Feds ask if offering birth control-only plans could workBlog added by Allison Bell on July 25, 2016
Allison Bell

Allison Bell

Joined: August 22, 2012

Federal regulators are looking into the feasibility of creating a new type of health benefit: birth control coverage that would be free for the insureds.

Regulators are asking whether insurers could really offer the product, and whether the existence of the product would resolve religious employers' objections to the Obama administration's current approach to administering a U.S. Department of Health and Human Services birth control coverage mandate.

The "tri-agency" team that oversees administration of Affordable Care Act laws, regulations and programs — the Internal Revenue Service, the Employee Benefits Security Administration and the U.S. Department of Health and Human Services — talk about the proposal in a new contraceptive services coverage proposal.

The agencies are preparing to publish the request for information in the Federal Register Friday. Comments will be due 60 days after the official publication date.

HHS lists David Mlawsky as its contact person. The employee benefits administration lists Elizabeth Schumacher and Suzanne Adelman as contacts, and the IRS lists Karen Levin as a contact.

Supreme Court Justice Samuel Alito proposed birth-control-only coverage in March, during oral arguments on Zubik et al. v. Burwell et al. (Case Number 14-1418).

The Affordable Care Act requires nongrandfathered health plans to cover a standard package of preventive services without imposing deductibles, co-payments or other cost-sharing costs on the patients getting the services. Former HHS Secretary Kathleen Sebelius ruled, based on recommendations from the HHS Health Resources and Services Administration, that the package should include coverage for contraceptive products and services.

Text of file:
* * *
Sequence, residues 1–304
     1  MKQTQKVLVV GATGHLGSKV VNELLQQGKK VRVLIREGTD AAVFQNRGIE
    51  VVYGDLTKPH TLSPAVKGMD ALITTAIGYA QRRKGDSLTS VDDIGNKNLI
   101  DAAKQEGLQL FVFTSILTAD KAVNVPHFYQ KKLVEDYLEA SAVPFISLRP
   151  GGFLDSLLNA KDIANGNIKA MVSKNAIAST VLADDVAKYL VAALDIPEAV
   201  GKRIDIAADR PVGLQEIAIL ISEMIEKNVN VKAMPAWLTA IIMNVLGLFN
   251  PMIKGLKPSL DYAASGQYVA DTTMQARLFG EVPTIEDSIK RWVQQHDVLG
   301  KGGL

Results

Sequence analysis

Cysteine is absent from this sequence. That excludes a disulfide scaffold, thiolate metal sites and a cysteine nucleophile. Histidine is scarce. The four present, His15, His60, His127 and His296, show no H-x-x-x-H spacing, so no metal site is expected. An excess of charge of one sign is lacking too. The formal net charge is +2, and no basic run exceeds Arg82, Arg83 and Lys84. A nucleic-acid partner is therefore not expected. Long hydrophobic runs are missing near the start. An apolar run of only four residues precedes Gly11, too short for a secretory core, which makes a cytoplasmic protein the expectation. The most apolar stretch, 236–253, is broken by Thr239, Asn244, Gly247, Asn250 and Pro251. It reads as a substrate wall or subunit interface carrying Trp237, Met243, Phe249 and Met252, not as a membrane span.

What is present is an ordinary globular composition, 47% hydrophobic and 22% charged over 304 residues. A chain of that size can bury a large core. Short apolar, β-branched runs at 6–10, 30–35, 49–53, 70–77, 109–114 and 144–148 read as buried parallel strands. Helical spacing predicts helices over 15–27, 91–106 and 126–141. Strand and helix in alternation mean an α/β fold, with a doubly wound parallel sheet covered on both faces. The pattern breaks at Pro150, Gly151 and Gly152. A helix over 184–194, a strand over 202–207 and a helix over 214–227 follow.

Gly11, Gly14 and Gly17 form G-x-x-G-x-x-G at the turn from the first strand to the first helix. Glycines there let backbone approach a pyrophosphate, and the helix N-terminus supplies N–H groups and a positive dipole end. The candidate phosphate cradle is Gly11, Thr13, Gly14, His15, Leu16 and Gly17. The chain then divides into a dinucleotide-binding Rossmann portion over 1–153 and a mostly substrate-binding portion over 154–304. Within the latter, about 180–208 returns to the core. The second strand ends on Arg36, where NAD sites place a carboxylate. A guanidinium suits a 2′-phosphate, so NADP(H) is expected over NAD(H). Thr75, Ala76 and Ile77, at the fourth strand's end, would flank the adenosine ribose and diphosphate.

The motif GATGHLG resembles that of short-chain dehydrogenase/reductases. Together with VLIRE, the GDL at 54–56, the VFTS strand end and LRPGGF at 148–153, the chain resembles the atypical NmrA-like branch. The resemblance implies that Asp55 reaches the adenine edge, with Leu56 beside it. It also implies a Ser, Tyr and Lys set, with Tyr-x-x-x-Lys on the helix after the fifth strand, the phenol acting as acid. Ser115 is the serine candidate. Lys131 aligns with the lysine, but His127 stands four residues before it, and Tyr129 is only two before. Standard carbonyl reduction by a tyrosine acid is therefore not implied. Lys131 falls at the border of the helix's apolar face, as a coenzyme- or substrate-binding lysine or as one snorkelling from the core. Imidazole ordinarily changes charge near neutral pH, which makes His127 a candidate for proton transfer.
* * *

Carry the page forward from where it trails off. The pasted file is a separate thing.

The issue

Federal agencies were going to require religious employers that wanted an exemption from that mandate to notify HHS, so that HHS could arrange for birth control coverage for those employers' employees. The religious employers argued that having to send HHS the notices would make them complicit in the act of providing birth control benefits, and violate their rights under the federal Religious Freedom Restoration Act of 1993.

The Supreme Court suggested, in a unanimous opinion opposing the HHS approach to administering the birth control benefits mandate, that federal agencies should consider having an employer simply notify its health coverage provider, or self-insured plan administrator, that it opposes covering contraceptives. The coverage provider could than arrange for separately funded coverage, which would be paid for by parties other than the affected employees, to fill in the contraceptive coverage gap for the religious employer's employees, the court said, in an opinion attributed to the court as a whole.

Alito said in March, during oral arguments on the case, that regulators could have employees affected by religious employers' decisions not to cover contraceptives sign up for free contraceptive plans through the ACA public health insurance exchange system.

The employee who goes to the exchange for contraceptive coverage "will have two insurance cards instead of one," Alito said. "She'll have one from the employer, and she'll have one from this plan."

Originally posted on LifeHealthPro.com
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